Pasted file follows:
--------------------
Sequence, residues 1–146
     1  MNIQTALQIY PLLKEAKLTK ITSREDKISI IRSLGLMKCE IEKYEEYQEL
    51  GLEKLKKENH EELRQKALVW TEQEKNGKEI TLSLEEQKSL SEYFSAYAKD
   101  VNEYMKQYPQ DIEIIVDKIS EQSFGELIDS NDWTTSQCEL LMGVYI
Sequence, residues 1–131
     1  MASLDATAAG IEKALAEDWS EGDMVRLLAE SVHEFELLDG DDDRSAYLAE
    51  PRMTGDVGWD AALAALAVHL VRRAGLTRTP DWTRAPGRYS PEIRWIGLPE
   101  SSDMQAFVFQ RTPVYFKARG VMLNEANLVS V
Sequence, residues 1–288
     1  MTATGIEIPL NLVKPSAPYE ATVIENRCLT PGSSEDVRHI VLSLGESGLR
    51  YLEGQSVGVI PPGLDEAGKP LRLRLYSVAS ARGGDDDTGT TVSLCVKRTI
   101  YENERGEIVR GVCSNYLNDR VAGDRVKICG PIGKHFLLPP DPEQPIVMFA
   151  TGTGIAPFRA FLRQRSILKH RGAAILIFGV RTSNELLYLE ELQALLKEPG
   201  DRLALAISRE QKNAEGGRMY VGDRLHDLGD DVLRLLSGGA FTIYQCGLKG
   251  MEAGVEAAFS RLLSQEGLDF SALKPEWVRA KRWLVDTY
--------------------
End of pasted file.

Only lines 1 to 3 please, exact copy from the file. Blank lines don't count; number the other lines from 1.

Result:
Sequence, residues 1–146
     1  MNIQTALQIY PLLKEAKLTK ITSREDKISI IRSLGLMKCE IEKYEEYQEL
    51  GLEKLKKENH EELRQKALVW TEQEKNGKEI TLSLEEQKSL SEYFSAYAKD